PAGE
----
September 2014 Archives

Writing is rewriting... If

Writing is rewriting... If you fall in love with the vision you want of your work and not your words, the rewriting will become easier.
Nora DeLoach

Writing is a struggle

Writing is a struggle against silence.
Carlos Fuentes

Writing is a marathon

Writing is a marathon, and the race is not always to the swift.
Alan Russell

When Educational Publishers Ask for Your Résumé

Guest post by Jan Fields

Photo courtesy of wintersixfour on
detective.jpgA résumé that you send on first contact with a publisher (especially an educational publisher) is not the same kind of résumé you would use to find a job as a teacher or other position. The writer's résumé is basically a map of writing experience and any useful knowledge/experience/expertise in your brain because that's where the gems that interest the publisher lie. Approach your résumé by asking yourself, why does the publisher want to see my résumé? What's in it for him/her? The publisher approaches your résumé like a detective: "what do I see here that I could make use of?"


So what kinds of things will you need to include? One very "normal" résumé item is education. Much of the time, the scope of your education doesn't matter, but occasionally an editor will look specifically for someone with a certain level of education (this is especially true with assessment writing or when a publisher is looking for a specific kind of expert.) Or a publisher may look for someone who'll look good in their catalogue because of education level. Education is almost always a bonus, but (most of the time) it's not a deal breaker.

Another "normal" résumé item is job experience, but most of the time, the jobs you've held won't be of interest to a publisher. However, if you have educational or classroom experience, or experience working with children in another setting, this will be of interest. It will suggest that any school scenes or similar moments in the book will be based on much more recent experience than your memories of your own childhood. For example, if you're pitching a fiction series that takes place in the classroom to an educational publisher, you BETTER have classroom experience as a teacher, room mom or other volunteer or the publisher will pass because they will worry that your books won't mirror modern classroom settings.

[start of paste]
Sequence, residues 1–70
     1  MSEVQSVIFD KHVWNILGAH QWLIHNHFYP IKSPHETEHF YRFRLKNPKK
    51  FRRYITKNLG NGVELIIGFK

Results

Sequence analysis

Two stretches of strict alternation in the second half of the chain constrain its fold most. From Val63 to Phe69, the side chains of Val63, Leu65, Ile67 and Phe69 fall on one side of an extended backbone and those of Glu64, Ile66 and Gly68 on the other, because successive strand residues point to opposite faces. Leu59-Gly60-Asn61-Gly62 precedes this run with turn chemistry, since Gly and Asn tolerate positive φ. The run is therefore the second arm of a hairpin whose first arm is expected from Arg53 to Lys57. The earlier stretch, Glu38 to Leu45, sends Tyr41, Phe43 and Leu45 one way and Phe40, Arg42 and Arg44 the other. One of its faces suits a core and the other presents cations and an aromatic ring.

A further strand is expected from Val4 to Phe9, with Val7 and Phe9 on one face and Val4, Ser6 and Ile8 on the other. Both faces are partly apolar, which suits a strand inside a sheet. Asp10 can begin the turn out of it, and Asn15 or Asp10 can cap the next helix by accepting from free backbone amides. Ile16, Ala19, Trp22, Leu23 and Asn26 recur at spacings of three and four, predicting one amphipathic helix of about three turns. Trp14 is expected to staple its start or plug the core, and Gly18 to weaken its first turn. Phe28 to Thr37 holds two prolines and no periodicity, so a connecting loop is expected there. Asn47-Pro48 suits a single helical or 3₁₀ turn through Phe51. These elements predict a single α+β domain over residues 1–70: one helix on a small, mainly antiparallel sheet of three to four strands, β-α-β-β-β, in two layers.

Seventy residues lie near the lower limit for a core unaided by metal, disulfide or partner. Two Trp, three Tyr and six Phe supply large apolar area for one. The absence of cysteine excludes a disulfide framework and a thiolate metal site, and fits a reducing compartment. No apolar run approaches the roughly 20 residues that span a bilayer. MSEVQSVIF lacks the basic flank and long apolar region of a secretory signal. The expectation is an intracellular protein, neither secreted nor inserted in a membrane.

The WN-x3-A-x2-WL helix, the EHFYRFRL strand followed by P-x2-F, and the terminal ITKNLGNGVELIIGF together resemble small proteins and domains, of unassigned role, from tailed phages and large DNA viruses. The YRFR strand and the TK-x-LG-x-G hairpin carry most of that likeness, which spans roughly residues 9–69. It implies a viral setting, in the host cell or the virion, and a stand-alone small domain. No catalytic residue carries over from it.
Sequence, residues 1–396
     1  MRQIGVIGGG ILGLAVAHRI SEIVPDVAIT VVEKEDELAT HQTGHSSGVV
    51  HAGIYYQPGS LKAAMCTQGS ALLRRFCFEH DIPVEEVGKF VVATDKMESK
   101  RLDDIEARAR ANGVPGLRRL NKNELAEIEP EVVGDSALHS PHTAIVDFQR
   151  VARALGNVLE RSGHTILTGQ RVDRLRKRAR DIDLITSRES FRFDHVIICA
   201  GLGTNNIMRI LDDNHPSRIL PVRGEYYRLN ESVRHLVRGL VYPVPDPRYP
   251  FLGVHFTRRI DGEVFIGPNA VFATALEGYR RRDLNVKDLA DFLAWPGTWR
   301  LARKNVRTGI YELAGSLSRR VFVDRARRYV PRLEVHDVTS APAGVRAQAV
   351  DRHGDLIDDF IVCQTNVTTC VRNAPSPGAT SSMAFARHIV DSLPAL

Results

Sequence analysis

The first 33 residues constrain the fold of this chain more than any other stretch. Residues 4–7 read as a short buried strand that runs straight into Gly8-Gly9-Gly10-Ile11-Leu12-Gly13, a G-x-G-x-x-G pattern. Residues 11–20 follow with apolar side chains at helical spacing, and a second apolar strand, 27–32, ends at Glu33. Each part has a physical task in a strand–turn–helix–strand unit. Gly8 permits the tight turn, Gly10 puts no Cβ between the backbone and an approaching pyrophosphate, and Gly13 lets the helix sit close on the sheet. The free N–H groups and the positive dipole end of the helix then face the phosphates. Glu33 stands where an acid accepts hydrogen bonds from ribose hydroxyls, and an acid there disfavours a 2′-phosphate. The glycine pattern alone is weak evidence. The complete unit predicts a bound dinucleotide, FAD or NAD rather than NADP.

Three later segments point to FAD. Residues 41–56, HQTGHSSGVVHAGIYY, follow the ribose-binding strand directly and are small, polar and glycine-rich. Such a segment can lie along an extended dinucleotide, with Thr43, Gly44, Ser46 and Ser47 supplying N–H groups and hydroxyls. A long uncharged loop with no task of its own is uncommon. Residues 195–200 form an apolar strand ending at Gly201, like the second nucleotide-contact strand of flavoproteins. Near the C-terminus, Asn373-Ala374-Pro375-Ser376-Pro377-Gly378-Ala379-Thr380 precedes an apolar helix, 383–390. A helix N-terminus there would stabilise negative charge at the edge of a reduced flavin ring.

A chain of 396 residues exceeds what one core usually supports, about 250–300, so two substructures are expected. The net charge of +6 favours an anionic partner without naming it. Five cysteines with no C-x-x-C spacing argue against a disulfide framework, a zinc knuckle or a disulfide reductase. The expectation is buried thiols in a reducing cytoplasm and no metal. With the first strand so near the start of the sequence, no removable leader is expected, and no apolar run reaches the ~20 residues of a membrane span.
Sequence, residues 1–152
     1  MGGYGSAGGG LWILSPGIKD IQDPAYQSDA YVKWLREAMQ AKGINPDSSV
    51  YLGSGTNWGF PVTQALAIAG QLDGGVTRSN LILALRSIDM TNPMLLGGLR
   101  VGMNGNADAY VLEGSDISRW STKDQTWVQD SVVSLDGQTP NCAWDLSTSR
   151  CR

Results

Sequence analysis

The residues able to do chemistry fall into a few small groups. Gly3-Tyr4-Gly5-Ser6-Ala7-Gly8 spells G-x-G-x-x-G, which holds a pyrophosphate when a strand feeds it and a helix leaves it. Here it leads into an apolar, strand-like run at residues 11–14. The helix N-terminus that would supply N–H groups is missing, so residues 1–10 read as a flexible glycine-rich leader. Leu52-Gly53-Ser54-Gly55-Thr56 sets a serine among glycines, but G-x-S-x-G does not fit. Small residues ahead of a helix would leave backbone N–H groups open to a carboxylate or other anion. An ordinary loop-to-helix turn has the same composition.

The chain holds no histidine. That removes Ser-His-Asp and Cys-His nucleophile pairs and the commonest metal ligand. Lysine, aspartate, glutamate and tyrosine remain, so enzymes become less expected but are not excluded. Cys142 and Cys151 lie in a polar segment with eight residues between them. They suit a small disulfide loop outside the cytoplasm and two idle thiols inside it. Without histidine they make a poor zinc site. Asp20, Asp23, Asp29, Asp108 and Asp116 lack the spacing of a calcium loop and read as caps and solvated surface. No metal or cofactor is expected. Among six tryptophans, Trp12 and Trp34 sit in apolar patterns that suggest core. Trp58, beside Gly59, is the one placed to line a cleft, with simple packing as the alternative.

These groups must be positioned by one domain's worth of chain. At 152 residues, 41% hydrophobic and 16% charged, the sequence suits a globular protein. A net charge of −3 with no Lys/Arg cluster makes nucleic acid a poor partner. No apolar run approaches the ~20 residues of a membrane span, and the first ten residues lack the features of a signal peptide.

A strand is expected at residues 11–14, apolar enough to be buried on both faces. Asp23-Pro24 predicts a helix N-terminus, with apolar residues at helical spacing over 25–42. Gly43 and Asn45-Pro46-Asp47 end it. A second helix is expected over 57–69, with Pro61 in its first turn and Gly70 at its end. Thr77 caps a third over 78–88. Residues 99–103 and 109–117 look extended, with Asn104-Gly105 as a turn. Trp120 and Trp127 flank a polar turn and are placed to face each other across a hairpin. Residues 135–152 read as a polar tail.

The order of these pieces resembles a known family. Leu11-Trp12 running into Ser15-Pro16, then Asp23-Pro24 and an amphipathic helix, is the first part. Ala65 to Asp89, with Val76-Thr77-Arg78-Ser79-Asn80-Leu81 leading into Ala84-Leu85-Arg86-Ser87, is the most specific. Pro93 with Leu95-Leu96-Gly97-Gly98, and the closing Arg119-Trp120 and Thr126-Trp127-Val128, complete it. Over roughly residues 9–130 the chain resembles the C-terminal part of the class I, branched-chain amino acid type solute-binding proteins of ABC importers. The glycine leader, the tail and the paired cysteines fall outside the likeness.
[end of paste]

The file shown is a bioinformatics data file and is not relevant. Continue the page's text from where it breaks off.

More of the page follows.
Even experience with children's Sunday School or Girl Scout leader suggests you are familiar with children TODAY and won't be writing with only your memories of what childhood was like when you were a kid. And if your experience is unusual, you never know what a publisher will cherry pick THAT part of the résumé and ask for a proposal on it. For example, I once volunteered to help with a creative problem solving competition. I mentioned that in passing to an educational publisher and was asked if I'd consider sending a proposal connected to that experience.

Focus on skills & experience

Any area where you are already an expert will shave time off the learning curve, so if you're a licensed diver, or you've taken a flying course, or you can rock climb, or whatever - put it in. BUT be careful NOT to include things that you don't want to write about. If you're a licensed pilot but don't ever want to write books related to flying, you might not want to mention being a pilot because editors will ask. So add in any unusual expertise, experience or interest. You honestly never know what will spur interest and result in an assignment offer.

Make the Résumé look LIGHT